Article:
But, there are many instances that the private sector has escaped from its responsibilities in the name of certain problem?

The country is just formulating the law to facilitate the private sector to involve in development projects. The Public Private Partnership (PPP) is getting importance now. Otherwise, there is a situation that the road built by an industrialist inside his industry premises or an electricity pole erected would be property of the government. Who will come here to run industries in such a pathetic situation? Therefore, the businessmen are happy with trading. There are many electric appliances which have been already outdated in the developed countries but are being dumped in Nepal.

There are land related challenges as there is a ceiling to own land. It has obstructed the commercialisation of agriculture. Land management should be modernized so that it supports entrepreneurship development. An entrepreneur finds a piece of land and establishes industry there. But, he has to face problems after a few years as the settlement developed around it wants the facility to be shut.

The country has a government with two-thirds majority which has ensured political stability. Therefore, the regulatory capacity of the government should be enhanced and both the government and private sector should be proactive in leading the country on the path of economic development. We need capital, technology transfer and management skills for it.


You enumerated so many challenges for doing business in Nepal. In such a situation, what can Nepal offer to the investors in comparison to the neighbouring Indian states like Assam and Bihar?

Yes, there is policy clarity, less complex process and required infrastructure. But, it does not mean that our situation is worst; Nepal is moving ahead with policy reforms, we are a peaceful country and political stability has created many opportunities. Nepal can be a good brand name as Nepali products are well received abroad. So far as the weaknesses in the system, it can be resolved with the adoption of modern technologies.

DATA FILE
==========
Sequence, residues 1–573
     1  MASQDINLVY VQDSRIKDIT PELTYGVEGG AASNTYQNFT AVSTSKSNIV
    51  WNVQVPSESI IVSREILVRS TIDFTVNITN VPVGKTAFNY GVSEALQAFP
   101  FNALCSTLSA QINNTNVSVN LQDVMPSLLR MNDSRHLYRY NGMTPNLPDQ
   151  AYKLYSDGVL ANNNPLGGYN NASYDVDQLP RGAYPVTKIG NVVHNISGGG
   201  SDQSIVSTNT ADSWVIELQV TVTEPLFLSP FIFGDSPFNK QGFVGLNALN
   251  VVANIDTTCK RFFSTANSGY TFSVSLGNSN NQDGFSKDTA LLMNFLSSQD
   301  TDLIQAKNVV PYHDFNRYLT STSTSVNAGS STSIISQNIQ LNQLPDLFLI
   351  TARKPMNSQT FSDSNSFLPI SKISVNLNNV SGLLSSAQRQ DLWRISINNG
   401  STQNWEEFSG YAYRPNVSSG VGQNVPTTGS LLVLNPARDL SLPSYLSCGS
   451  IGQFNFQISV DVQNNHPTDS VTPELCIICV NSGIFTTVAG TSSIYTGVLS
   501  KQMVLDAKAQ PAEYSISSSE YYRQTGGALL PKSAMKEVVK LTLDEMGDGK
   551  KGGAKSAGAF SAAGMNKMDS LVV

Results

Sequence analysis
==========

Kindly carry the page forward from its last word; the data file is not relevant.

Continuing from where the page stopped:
In your opinion, what are the priority areas for the investors?

If connected with health care, information technology sector can be an area of high potential. We must be ready to tap the opportunities unleashed by the new industrial revolution which will witness the use of artificial intelligence in every sector of business and development. Similarly, medical tourism, metallurgy and electronics are other potential areas. Agriculture has remained an attractive sector traditionally. World’s leading IT companies like Amazon, Microsoft and Google are participating in the summit. We should give special focus to such companies so that they come here to make investment.

Similarly, there are good business initiatives like ostrich meat, dragon food and red banana which need special government support in order to grow.

(Prepared by: Modnath Dhakal)